Note: Instead of a tilt head, this model has a lifter that lifts the bowl while the head is fixed. While the mixer is larger capacity, it requires less vertical space than the 5 qt model.

Read the rest of this entry »

PhotoSweeper: Photo De-Duplicator for Aperture / iPhoto / Lightroom / etc.

January 20th, 2015 (trackback)

Since I started taking photos 15 years ago, I’ve amassed a pile of images. 25,000 or so photos sourced from various cameras, phones and a handful that were scanned and imported. They have been managed manually, in various flavors of iPhoto, the occasional random application, and — for the past few years — in Aperture. Copies of the photos have lived on various computers and, even, have been recovered from backups after a rare hard drive death (multi-point backup strategy FTW!).

End result?

25,000 images of which somewhere between 5% and 20% are duplicates. Many of them are straight up duplicates; copies of the same image with different filenames resulting from merging various libraries or importing source media to multiple destinations that were later merged. Some are more insidious. Somewhere, something decided to down-res a slew of images and re-import them. Somewhere else, something decided to re-encode all my JPEG images (before RAW) at the same resolution, but with much higher compression.

Slogging through all those images would take hours. Days, really, as it’d have to be done in my spare time. And, given that it is a task I’ve been avoiding — digging the whole deeper — for a decade+, clearly not going to happen soon.

Clearly, there has to be a better way. And there is!

A quick search yielded PhotoSweeper.

On first pass, it quickly eliminated all straight up duplicates where the actual contents were identical. This took less than ten minutes to do on those 25,000 images and it eliminated nearly 4,000 dupes (and triplets and the occasional quad).

The second pass is where this software really shines. I configured it to do a content comparison and flag any sets of images that were pretty close, but not necessarily exactly, similar. In this case, I used the “approximate, align and blur” method. That is, PhotoSweeper re-renders each image as a 144×144 grid of pixels, then blurs it slightly, and aligns the edges. The resulting icon-ized images are compared and any that are similar enough are flagged as potential dupes. It is then a matter of review-and-compare. The arrow keys are used to navigate and the return key to toggle whether or not the image will be trashed.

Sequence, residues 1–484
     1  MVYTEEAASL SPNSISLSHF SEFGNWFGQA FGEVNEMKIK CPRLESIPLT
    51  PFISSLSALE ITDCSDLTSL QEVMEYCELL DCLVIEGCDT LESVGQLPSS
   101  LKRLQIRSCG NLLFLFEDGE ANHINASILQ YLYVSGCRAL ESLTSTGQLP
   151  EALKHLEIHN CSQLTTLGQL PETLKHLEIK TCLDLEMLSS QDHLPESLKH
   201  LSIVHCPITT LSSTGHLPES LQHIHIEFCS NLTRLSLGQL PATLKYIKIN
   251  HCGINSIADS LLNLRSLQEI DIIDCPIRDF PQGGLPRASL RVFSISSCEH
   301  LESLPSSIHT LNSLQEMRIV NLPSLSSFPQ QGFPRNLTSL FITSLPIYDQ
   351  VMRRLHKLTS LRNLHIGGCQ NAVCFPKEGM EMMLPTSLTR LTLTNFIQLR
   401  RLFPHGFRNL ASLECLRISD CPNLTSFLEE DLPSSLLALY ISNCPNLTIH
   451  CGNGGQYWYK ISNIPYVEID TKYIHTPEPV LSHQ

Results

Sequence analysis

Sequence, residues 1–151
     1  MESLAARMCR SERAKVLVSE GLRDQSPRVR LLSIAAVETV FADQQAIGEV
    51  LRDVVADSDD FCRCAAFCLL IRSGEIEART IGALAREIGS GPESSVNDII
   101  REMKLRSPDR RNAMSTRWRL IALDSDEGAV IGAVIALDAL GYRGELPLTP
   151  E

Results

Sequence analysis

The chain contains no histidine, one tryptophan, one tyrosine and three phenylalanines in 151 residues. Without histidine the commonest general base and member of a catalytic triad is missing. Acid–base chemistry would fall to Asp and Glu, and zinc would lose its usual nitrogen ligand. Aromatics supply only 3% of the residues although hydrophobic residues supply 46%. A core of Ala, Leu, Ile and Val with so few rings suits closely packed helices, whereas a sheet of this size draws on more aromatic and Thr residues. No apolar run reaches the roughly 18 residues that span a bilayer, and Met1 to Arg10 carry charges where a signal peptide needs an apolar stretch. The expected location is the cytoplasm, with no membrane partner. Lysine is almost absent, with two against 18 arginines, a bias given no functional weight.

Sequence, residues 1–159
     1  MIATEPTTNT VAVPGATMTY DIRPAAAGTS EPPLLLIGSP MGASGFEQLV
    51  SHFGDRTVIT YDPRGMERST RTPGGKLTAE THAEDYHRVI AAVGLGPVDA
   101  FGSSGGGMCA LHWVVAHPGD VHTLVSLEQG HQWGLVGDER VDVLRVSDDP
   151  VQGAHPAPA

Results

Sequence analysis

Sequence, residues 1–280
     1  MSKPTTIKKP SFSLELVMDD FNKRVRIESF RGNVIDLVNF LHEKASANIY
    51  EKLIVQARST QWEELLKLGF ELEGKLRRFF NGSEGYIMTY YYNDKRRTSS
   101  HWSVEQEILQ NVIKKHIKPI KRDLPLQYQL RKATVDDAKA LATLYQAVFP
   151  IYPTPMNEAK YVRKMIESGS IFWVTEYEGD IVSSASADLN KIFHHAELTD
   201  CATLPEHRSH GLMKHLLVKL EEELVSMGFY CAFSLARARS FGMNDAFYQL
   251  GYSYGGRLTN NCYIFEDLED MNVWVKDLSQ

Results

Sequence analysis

One click and all the identified dupes are dumped in the trash.

What would have taken days of tedium was reduced to less than an hour. Personally? I would have paid $50 — nay, $100 — for this and have considered it a bargain. It saved me that much time (frankly, it finished a task in short order I’ve been putting off for a decade) and now my remaining organization task is largely one of actually looking at, tagging, and categorizing the photos.

And sharing them with my family. Because that’s what it is all about (for me).


January 6th, 2015 (trackback)
Grizzly bear (Ursus arctos horribilis)

Over the summer, we escaped for a while to Alaska via a trip put together by International Expeditions. This was our second trip with the company — our first being a week on the Amazon River (fun story, photo set on flickr) — and it certainly won’t be our last as International Expeditions does a fantastic job.

For the Alaska trip, we opted for the 11 day grand tour.

Beyond a fantastic tour of glaciers, a backcountry lake lodge, and Denali National Park, highlights included fantastic lodging in the most remote of places, incredible homemade meals, mind blowing scenery, and a wonderfully friendly group of random travel companions that quickly become a temporary family (with whom we wouldn’t mind crossing paths again!).

It was, no surprise, a great place to take photos and I’ve pushed an album to Flickr.

Alaska is both surprisingly diverse and, yet, equally as surprisingly limited in natural diversity.

On our tour, we ranged from a coastal rainforest to arctic tundra and even spent some time in the air flying around Mt. Denali.

And that covered a very tiny part of the state. It is also hard to fathom just how big Alaska truly is. Watching this glacier calve, we were nearly 1 mile away from it and yet it still seems to tower above us and there were still miles of glacier behind and above it! And beyond the top of that glacier? An ice field that is larger than most states in the lower 48.

Alaska is very different than anywhere else we’ve visited. Whereas the Amazon was full of a seeming infinite number of species of plant an animal, there are actually very few species in Alaska; only 150 or so native plants have been cataloged (with many variants within those particular individuals).

While in the rainforests of the equator, things rot with incredible speed, trees may lie on the ground in the Alaska rainforest for years because their simply isn’t the warmth or sunlit energy to support the decomposing agents. Thus, the Alaskan rainforest floor is a thick layer of, well, mulch on top of rock. Springy, almost magical to walk on. But no real dirt.

And some of the seemingly most innocuous and beautiful plants are quite deadly.

Even the mosquitos are different. In Alaska, the mosquitos are the top pollinator. All those incredibly yummy tundra blueberries, cranberries, and crowberries? Pollinated by mosquitos. Still annoying critters. But mosquito defense did lead to some interesting fashion statements.

A fantastic place to visit!